'Dark Stores' bill restores fairness to property assessments

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LANSING (WLUC) Michigan has taken the first step to repairing a problem in its property tax system that had given a special advantage to corporate retailers, representatives from three local government associations said Wednesday.

This morning, the House Tax Policy Committee reported House Bill 5578, sponsored by Rep. David Maturen, which would put an end to the detrimental “Dark Stores” assessment theory by requiring that commercial property be assessed at its “highest and best use.”

For several years, the Michigan Tax Tribunal has allowed Big Box retailers such as Home Depot and Target to be valued based on sales of similarly sized properties that are vacant, abandoned or now used for a different purpose — leading to significant cuts in their property taxes, and giving them an advantage over small businesses in their community.

HB 5578 would end this practice by putting traditional sound appraisal standards into law, creating a fair, equitable system for resolving disputes. The bill also prevents the inappropriate use of deed restrictions as an unreasonable sales comparison during an appeal.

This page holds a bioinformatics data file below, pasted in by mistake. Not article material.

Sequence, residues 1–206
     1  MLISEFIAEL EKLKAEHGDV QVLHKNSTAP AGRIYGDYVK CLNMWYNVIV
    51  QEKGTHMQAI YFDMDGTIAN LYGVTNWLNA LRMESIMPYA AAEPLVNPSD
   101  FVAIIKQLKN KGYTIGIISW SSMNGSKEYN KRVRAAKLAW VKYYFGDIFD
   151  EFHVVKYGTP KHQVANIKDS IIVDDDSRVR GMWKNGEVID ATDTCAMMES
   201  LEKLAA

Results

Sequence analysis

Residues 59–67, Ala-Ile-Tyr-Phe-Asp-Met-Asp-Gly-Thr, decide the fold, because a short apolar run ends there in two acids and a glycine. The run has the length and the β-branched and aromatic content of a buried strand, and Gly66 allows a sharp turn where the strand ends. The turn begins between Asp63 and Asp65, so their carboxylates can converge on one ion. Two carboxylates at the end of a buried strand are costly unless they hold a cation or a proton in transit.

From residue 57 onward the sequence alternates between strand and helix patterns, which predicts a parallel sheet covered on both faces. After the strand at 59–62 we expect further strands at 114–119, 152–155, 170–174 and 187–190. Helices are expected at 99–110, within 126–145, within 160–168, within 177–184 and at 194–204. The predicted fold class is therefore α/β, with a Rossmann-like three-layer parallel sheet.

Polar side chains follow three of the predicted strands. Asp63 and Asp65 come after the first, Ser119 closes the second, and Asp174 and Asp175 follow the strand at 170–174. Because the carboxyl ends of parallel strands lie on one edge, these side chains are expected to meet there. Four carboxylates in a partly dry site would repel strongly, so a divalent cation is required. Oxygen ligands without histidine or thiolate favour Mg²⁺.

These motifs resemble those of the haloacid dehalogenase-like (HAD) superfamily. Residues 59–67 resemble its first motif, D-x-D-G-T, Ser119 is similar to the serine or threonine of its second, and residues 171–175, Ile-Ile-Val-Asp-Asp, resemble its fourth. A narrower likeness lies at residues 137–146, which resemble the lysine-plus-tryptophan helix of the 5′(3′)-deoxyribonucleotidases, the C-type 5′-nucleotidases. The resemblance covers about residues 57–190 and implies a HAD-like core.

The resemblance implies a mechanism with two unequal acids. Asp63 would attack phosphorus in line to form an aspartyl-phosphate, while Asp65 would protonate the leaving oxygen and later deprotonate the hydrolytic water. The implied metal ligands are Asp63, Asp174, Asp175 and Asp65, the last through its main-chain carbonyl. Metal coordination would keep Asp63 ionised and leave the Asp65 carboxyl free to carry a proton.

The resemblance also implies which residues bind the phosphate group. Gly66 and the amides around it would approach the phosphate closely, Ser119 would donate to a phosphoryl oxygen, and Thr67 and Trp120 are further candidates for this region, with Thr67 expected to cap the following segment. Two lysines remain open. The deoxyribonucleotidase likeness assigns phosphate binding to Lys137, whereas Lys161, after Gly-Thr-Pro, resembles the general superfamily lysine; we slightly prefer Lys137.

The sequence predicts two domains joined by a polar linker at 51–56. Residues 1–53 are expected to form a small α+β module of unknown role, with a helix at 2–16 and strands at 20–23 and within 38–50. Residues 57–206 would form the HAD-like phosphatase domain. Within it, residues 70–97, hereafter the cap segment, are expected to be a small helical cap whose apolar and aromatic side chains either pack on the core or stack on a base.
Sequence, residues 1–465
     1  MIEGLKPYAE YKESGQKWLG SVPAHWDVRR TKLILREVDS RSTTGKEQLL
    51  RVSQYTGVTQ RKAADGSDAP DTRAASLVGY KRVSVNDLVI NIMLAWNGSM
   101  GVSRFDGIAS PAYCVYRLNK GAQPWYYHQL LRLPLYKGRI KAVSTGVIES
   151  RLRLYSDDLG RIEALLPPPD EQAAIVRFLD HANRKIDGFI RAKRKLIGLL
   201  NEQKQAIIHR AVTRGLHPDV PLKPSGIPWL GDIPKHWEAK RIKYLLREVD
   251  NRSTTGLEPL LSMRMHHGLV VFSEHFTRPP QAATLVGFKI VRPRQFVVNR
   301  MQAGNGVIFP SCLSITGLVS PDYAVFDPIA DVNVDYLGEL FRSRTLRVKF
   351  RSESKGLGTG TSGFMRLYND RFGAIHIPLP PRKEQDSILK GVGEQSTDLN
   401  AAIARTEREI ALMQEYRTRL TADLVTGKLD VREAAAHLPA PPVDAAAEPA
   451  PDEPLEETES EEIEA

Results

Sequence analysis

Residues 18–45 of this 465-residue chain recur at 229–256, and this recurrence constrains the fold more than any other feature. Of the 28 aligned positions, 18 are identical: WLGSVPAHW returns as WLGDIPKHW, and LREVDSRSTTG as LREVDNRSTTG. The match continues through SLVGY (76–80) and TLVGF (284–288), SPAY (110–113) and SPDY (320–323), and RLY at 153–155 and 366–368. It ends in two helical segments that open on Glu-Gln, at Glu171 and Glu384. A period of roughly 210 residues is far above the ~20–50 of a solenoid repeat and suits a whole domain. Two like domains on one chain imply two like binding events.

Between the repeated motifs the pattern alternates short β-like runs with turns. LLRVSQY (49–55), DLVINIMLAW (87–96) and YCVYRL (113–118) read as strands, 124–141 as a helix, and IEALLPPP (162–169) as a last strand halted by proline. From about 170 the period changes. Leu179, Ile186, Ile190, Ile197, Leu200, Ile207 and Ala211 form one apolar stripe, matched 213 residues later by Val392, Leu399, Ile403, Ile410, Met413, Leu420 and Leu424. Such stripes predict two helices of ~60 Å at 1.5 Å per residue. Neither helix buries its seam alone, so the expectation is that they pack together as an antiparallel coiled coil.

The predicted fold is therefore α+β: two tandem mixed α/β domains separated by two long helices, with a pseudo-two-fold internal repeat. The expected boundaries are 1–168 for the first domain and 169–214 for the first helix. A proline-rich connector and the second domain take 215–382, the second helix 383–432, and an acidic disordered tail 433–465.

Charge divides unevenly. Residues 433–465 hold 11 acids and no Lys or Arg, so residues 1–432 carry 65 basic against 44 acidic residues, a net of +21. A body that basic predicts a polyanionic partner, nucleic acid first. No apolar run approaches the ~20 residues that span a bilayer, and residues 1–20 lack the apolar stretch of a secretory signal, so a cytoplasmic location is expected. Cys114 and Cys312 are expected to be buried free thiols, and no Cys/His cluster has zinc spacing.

Director of Government Relations for the Michigan Townships Association (MTA), Judy Allen, mentioned that Rep. Maturen's bill creates a level playing field and requires all taxpayers to be treated fairly.

“Fairness must be at the heart of our property tax system,” said Steve Currie, Deputy Director of the Michigan Association of Counties (MAC).

“Rep. Maturen drew on his experience as a county commissioner and as an appraiser to identify a solution that ensures all three appraisal methods are being used.”

Director of State Affairs for the Michigan Municipal League (MML), Chris Hackbarth, said that HB 5578 is a fair and equitable solution to a complex issue facing our communities.

HB 5578 now moves to the full House of Representatives, where MTA, MAC, MML and other groups are pushing for a quick vote.



 
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